Red Sox will need to hunt for quality pitching depth
I’ve got some great oceanfront property in Idaho for sale for Red Sox fans that are ecstatic over our rotation and pitching in general. According to FanGraphs, the staff ERA ranks 9th in the American League, with the bullpen and rotation ranking below average.
Pitching can be an illusion with performance. The performance will be exceptional for a week or two or even longer, as pitchers lure you into complacency and then a dramatic tailspin of inept performances. A scout once stated pitching is like health and money in that you never have enough.
Where are you, Jake Peavy and Tom Seaver? Or even Bret Saberhagen? The Red Sox will need a solid veteran who can pick up some quality innings and keep them on the hunt. Peavy did that in 2013 and Seaver in 1986.
At the end of July 1986, the Red Sox went to the White Sox and brought in 300+ game-winner Tom Seaver. Seaver made 16 starts going a pedestrian 5-7, but it was enough. A solid addition to the staff that went to the World Series.
Seaver had no impact on the playoffs as a balky knee shut down the future Hall of Fame hurler, but Tom Terrific was instrumental in Boston getting there. For Boston, this was not Garrett Richards of Martín Pérez.
In 2013, the Red Sox made a three-way deal, with the most critical aspect being for former Cy Young winner Peavy to come to Boston. The righty was skillful pitching for the White Sox (8-4, 4.28), and Boston went for him. Boston’s trading deadline deal was much needed for their run to the division, and Peavy didn’t disappoint.
Peavy was not the hurler who captured two ERA titles and once led the National League in wins (19), but Peavy had savvy, experience, and a desirable BB%. Would it be enough?
Peavy’s contribution to Boston’s championship run was essential, going 4-1 in ten starts. In 2014, the run was over, and Peavy stood at 1-9 before being shipped to San Francisco, where he again contributed to a championship, posting a 6-4 record and another Wold Series ring.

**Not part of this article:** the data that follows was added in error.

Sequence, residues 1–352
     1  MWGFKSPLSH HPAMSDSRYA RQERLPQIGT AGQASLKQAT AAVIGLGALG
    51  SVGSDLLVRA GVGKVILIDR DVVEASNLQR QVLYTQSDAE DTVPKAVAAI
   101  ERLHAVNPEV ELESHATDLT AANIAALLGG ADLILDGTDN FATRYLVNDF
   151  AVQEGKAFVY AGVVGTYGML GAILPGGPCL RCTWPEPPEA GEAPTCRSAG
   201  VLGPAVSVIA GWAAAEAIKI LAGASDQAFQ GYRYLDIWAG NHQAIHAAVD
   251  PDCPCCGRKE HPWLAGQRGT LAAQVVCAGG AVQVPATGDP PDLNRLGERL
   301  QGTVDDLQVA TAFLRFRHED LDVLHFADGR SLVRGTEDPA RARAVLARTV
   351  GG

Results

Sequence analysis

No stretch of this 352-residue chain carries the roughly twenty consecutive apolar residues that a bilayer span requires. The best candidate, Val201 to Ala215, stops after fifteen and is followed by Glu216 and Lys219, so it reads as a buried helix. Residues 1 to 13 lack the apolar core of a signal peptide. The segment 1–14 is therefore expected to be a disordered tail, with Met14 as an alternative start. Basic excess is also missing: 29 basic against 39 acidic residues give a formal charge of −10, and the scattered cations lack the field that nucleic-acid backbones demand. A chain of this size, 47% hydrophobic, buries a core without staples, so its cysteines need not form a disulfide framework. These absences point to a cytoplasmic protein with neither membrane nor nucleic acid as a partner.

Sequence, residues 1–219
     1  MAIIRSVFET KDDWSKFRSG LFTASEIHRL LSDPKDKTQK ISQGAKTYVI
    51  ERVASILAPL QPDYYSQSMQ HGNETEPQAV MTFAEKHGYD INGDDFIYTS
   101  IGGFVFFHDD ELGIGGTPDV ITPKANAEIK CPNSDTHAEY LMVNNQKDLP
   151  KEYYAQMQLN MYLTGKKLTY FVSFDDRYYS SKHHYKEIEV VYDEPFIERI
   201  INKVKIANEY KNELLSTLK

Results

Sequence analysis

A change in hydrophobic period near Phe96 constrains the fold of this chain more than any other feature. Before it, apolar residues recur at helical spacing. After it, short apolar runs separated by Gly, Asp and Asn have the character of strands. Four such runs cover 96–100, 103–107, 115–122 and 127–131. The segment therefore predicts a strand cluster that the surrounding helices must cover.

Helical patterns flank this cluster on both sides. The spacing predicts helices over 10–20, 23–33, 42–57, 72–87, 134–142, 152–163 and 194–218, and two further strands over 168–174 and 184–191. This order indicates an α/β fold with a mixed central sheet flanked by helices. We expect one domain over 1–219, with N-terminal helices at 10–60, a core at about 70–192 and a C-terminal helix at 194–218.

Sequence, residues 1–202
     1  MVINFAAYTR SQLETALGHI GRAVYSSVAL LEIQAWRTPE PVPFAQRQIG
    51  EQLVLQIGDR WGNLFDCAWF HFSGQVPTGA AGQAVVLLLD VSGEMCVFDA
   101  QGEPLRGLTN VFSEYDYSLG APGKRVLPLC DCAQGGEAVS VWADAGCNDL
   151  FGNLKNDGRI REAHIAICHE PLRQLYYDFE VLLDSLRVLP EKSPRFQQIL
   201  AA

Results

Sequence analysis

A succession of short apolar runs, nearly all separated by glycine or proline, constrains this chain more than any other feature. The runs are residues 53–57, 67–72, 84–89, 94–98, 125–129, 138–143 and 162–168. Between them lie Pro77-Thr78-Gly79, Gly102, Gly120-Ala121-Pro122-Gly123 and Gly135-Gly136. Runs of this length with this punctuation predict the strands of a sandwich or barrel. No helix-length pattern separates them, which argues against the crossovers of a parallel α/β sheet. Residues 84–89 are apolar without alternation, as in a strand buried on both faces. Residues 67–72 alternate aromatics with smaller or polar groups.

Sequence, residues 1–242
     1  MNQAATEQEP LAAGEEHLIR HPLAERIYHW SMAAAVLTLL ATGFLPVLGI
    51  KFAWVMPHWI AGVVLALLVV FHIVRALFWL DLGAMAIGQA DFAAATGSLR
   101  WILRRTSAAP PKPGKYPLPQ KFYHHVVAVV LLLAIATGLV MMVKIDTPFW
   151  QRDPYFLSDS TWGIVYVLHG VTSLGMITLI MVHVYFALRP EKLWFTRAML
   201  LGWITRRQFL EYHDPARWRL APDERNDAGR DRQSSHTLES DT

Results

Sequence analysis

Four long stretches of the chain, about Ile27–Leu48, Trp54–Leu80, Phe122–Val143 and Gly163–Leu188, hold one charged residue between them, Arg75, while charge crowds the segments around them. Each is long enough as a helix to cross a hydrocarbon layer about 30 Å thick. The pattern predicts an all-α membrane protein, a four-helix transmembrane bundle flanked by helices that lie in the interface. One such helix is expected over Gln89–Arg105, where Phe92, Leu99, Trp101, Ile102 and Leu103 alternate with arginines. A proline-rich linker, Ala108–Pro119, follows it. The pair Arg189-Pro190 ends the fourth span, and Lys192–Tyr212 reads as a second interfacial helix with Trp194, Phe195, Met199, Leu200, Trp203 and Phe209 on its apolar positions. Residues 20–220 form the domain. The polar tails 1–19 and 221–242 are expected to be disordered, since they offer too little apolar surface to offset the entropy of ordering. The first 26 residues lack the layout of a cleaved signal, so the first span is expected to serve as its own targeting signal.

Just who was Saberhagen? Sabs was one of the best for years for those who go back a bit. Saberhagen made his original mark with the Kansas City Royals winning two Cy Young Awards before injuries hit, and did they ever. Eventually, Boston signed Saberhagen as a free agent for 1997. Saberhagen did nothing (0-1, 6.58) but returned in 1998.
Boston fans saw the Saberhagen of old for the next two seasons – significantly 1998 (15-8, 3.96) and, to a lesser degree, 1999 ( 10-6, 2.95). In both seasons, the Red Sox made it into the playoffs.
Saberhagen missed all of the 2000 season and attempted another comeback in 2001, but the pitching tank was empty. Saberhagen just knew how to pitch even when his velocity disappeared. A career 1.7 BB% shows the value of control once the heater has lost its zip.
Conversely, the process often results in abysmal failures, such as John Smoltz and Eric Gagne. And add one other to the 21st-century list that presented less than spectacular returns – David Wells – although he had his moments, especially compared to Gagne and Smoltz.
The Red Sox signed Rich Hill and Michael Wacha, but neither has the pitching resume of the three previously mentioned. So far, it has worked just like Matt Barnes worked for a half-season in 2021. Depth is the eternal need for a pitching staff.
Internal options are limited, and the staff will need additions, especially if the Red Sox indeed right a sinking ship. Hitting can cover just so much, and (thankfully) the pitching may not be splendid but has been passable, but passable will not suffice over 162 games. A long season awaits with the inevitable breakdowns that all teams encounter.
The Red Sox will pin some future cred on a recovering Sale and the eventual return of Paxton. Meanwhile, Chaim Bloom will be scoping out the MLB landscape to fortify his pitching staff, and there is always the potential of a present-day Peavy or Seaver.